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How does 5G work?
The same way garage door openers, TVs, baby monitors and every past generation of wireless have all worked — with radiofrequency (RF) waves. 5G uses a dense network of “small cell” antennas about the size of a backpack. Designed to blend into the environment, these 5G antennas hide in plain sight on things you never notice — like utility poles and street lamps.
Where are 5G networks available?
Currently, Verizon 5G service is available in thirty-four cities — Chicago, Houston, Indianapolis, Los Angeles, Minneapolis, Denver, Providence, St. Paul, D.C., Detroit, Atlanta, Sacramento, New York, Boise, Phoenix, Omaha, Dallas, Sioux Falls, Boston, Cleveland, Columbus, Charlotte, Greensboro, Grand Rapids, Miami, Salt Lake City, Spokane, Memphis, Hoboken, Des Moines, Cincinnati, Kansas City, Little Rock, and Panama City.
Think your city should get 5G? Say so.
What’s the difference between 4G and 5G?
5G is a transformational change from 4G. 5G has the potential to provide 20X faster data speeds and carry a massive amount of data for a large number of simultaneous users. So users in high density areas – like airports, stadiums or urban areas – can still experience the fast speeds and low latency of 5G service. As Americans replace more and more household items with ‘smart devices’ that connect to the internet, also known as the Internet of Things, this network capacity will be critical. 5G will potentially be able to handle more than 2.5 million connected devices per square mile.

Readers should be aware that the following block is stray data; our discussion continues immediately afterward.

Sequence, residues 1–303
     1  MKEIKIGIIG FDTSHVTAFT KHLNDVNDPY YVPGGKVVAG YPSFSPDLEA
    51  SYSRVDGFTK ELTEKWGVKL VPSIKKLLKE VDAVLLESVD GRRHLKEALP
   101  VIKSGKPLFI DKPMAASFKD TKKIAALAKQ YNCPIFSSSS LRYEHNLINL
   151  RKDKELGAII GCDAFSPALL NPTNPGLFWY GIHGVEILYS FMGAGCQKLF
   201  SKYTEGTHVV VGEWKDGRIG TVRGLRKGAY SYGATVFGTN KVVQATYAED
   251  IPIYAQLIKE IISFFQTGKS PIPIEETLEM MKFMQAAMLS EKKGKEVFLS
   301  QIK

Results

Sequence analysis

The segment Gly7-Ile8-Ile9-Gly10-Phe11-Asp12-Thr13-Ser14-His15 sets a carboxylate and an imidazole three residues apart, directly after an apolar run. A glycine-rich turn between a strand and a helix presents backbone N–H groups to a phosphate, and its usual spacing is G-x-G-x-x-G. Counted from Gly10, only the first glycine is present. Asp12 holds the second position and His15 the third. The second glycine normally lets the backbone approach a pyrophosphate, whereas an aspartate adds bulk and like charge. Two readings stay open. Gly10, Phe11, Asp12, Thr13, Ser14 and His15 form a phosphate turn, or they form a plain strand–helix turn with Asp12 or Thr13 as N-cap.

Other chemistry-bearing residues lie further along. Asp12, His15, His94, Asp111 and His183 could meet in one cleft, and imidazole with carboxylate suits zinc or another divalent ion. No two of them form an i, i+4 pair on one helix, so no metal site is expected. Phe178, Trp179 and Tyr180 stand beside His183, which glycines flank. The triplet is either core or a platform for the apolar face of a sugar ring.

What is 5GE vs. 5G?
5GE is not 5G. It stands for 5G Evolution, and it’s a confusing new marketing label for AT&T’s existing 4G LTE service. True 5G is the fifth generation of wireless technology, and it’s a platform for history-shifting innovations. Unless you live in one of these cities, you probably don’t have 5G. But you’ll know when you do: If the speed boost from 3G to 4G felt like going from a walk to a run, the leap to 5G is like strapping on a jet pack.
What is 5G WiFi?
If you see “5G” in your WiFi settings, don’t mistake it for actual 5G wireless. On a home modem or router, it stands for “5GHz” — and it’s one of one of the two frequency bands routers can use to broadcast WiFi through your home. You might see it as an option next to 2.4 GHz.
No. Reports that 5G networks are somehow related to the coronavirus are unsubstantiated rumors. It is scientifically impossible for radiofrequency waves at any frequency to create a virus, including radio waves used to provide 5G. Infectious disease specialist and coronavirus expert Dr. Anthony Fauci calls these reports “garbage.” Professor Stephen Powis, the National Medical Director in the United Kingdom, calls these theories “outrageous” and “absolute and utter rubbish.”
The World Health Organization and the CDC have been clear about the origins of this virus: The WHO says “Coronaviruses are zoonotic, meaning they are transmitted between animals and people.” The CDC says coronaviruses are a large family of viruses that are common in people and many different species of animals, including camels, cattle, cats, and bats.
Social media platforms, including YouTube, are removing content linking 5G and COVID-19 per their user guidelines since these stories are false.